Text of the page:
Talk:Reading/Trust

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Link in References section to Research Help Portal

1
Ocaasi (WMF) (talkcontribs)

Hey @Jkatz (WMF). I was talking briefly with @Moushira about this at all-hands. Wikipedia Library team spent half of last year preparing and running a pilot directing readers to a Research Help portal that explains "how and why wikipedia works, and how you should use it."

We did this by placing links to the portal under the ==References== section of 10,000 articles on English Wikipedia split across the two best organized WikiProjects: Medicine and Military History. The results of the tests indicated that readers and editors with under 100 edits were very supportive of a link to the content. Experienced editors were less pleased. We summarized our findings in a comprehensive report.

In Q3 we are running a banner campaign to get further feedback on the page content; we're also working with a Library School researcher to evaluate the UX of the page. We'd like to explore a way to share this content more systematically with readers, while letting experienced or all logged-in editors ignore/dismiss the content. Part of trust is understanding. Hopefully we can work together on this aspect of the problem. Cheers! -Jake

Reply to "Link in References section to Research Help Portal"

Additional comment on trust indicators

2
MKramer (WMF) (talkcontribs)

One thing that I've always thought would be interesting/useful is to get a sense of the standard deviation of editors to edit ratio - who is the top editor of a page? How are edits spread across all the editors? It can be alarming at times when you know what you are doing to view history and realise an article is mostly edited by one person - I've seen this a lot in building the reading trending service: https://www.mediawiki.org/wiki/Reading/Web/Projects/Edit_based_trending_service - and I'd be interested in exploring this more on an article level rather than over a duration of an hour. The work we did in mobile way back in 2014 was supposed to kick off this kind of work by making readers more aware of editors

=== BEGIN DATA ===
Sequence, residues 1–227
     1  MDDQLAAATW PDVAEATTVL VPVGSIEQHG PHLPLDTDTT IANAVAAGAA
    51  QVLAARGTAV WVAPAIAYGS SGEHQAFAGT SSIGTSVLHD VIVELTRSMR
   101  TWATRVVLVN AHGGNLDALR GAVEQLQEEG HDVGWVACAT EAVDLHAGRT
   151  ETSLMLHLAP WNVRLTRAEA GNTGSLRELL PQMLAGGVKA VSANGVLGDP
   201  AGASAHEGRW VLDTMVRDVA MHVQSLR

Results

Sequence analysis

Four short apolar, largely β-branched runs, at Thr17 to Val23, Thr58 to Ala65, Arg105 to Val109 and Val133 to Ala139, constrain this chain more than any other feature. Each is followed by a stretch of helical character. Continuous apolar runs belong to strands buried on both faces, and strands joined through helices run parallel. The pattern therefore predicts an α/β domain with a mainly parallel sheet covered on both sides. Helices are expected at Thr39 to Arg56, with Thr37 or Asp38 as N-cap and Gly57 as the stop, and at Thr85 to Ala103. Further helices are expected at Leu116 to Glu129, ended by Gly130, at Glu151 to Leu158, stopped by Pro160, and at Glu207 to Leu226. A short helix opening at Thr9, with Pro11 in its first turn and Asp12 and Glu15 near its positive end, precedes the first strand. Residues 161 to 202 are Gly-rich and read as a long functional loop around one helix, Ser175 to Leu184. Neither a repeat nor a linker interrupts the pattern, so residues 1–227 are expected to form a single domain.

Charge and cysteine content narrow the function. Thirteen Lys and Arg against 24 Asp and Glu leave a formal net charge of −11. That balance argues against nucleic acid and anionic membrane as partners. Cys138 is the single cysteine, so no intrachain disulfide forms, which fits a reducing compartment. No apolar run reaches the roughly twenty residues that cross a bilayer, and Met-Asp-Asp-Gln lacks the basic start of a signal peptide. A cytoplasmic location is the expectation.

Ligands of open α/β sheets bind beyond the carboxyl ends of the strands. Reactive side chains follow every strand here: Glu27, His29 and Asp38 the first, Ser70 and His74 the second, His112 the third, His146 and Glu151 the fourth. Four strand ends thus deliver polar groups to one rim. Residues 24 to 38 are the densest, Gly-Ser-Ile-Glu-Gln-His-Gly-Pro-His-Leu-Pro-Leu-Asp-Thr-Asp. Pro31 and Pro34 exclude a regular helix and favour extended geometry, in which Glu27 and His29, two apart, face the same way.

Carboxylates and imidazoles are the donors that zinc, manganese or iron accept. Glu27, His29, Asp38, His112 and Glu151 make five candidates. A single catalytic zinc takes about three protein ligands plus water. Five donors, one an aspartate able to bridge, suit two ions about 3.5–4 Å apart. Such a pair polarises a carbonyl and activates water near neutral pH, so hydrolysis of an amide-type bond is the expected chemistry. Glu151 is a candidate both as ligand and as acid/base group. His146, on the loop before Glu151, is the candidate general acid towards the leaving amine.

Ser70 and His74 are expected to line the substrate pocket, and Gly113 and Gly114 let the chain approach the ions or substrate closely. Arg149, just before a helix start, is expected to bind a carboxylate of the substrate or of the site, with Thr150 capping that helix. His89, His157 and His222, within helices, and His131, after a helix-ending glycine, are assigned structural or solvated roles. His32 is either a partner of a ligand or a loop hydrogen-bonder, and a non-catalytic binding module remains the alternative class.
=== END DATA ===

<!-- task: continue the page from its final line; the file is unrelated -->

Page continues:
This is an interesting approach, or other kinds of visual indicators that may indicate what went into a particular page. I really like the box at the top of [current events] that alerts readers that things might be quickly changing. Other things I might be curious about:

- How does the page I'm reading compare to a "typical" page in this subject? Does it have more editors? Less? Was it edited more or less frequently than a page with similar topic? Traffic levels? Some other indicator?

- How many editors have edited the page in the past [duration of time]?

- How many other pages on a similar topic has an editor edited?

- What percentage of contributions to this page were made in the last [duration of time?]

- What percentage of edits to this page were made by accounts that are older than [duration of time?]

- What percentage of edits on this page came from desktop vs. mobile? (This might not be as helpful to the reader as it may be to editors or product folk.)

- How many people have been blocked from editing this page?

Caveats with all of these: Not sure if these are the right things to measure, or in the right ways. Throwing them out for discussion. Also know that sites that favor longevity over other factors sometimes have issues with people selling accounts.

MKramer (WMF) (talkcontribs)
Reply to "Additional comment on trust indicators"
MKramer (WMF) (talkcontribs)

Hello,

I wanted to point you to some similar discussions in this space, as there may be room for overlap, or they may just be interesting points of comparison.

- "In workshops with journalism leaders, we've built a list of indicators of trustworthy news based on user views we've collected through in-depth, ethnographic interviews." [1]

- A project to facilitate collaboration between Wikimedians and The International Fact-Checking Community.

- In one sentence the Wiki Feed project creates an algorithmic (news) feed of wiki pages from recent edits or other data like page views, with an open, collaborative and forkable feed algorithm. (mockup)

- A prototype for aligning trust indicators with the schema.org standards in order to implement a simple, best practices based system for including trust indicators on news platforms.


[1] https://scu.edu/ethics/focus-areas/journalism-ethics/programs/the-trust-project/indicators-of-trust-in-the-news/

Jkatz (WMF) (talkcontribs)

Thanks! Added these to "discussions" section.

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